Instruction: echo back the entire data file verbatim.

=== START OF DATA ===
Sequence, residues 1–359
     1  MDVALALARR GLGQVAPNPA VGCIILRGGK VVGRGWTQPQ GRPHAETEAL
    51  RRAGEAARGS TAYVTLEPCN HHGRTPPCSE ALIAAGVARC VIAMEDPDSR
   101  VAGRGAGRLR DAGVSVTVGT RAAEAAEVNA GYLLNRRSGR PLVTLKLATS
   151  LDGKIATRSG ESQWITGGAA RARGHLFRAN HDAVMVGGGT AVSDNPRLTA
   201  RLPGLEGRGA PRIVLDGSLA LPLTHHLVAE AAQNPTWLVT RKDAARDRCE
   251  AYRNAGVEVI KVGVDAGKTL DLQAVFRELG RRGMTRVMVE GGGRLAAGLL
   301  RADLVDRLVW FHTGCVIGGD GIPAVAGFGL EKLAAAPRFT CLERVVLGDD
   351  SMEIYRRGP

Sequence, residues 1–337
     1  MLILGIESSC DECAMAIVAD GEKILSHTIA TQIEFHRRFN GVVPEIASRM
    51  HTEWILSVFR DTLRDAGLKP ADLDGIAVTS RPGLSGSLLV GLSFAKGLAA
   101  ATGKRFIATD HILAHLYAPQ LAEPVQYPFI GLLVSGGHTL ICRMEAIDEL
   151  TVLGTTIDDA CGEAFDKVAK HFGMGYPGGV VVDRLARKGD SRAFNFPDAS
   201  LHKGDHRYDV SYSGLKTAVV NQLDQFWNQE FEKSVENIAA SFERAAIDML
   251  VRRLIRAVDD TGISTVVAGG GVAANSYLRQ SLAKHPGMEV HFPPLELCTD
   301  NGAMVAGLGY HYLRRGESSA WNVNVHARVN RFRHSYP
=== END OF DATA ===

Sequence, residues 1–359
     1  MDVALALARR GLGQVAPNPA VGCIILRGGK VVGRGWTQPQ GRPHAETEAL
    51  RRAGEAARGS TAYVTLEPCN HHGRTPPCSE ALIAAGVARC VIAMEDPDSR
   101  VAGRGAGRLR DAGVSVTVGT RAAEAAEVNA GYLLNRRSGR PLVTLKLATS
   151  LDGKIATRSG ESQWITGGAA RARGHLFRAN HDAVMVGGGT AVSDNPRLTA
   201  RLPGLEGRGA PRIVLDGSLA LPLTHHLVAE AAQNPTWLVT RKDAARDRCE
   251  AYRNAGVEVI KVGVDAGKTL DLQAVFRELG RRGMTRVMVE GGGRLAAGLL
   301  RADLVDRLVW FHTGCVIGGD GIPAVAGFGL EKLAAAPRFT CLERVVLGDD
   351  SMEIYRRGP

Sequence, residues 1–337
     1  MLILGIESSC DECAMAIVAD GEKILSHTIA TQIEFHRRFN GVVPEIASRM
    51  HTEWILSVFR DTLRDAGLKP ADLDGIAVTS RPGLSGSLLV GLSFAKGLAA
   101  ATGKRFIATD HILAHLYAPQ LAEPVQYPFI GLLVSGGHTL ICRMEAIDEL
   151  TVLGTTIDDA CGEAFDKVAK HFGMGYPGGV VVDRLARKGD SRAFNFPDAS
   201  LHKGDHRYDV SYSGLKTAVV NQLDQFWNQE FEKSVENIAA SFERAAIDML
   251  VRRLIRAVDD TGISTVVAGG GVAANSYLRQ SLAKHPGMEV HFPPLELCTD
   301  NGAMVAGLGY HYLRRGESSA WNVNVHARVN RFRHSYP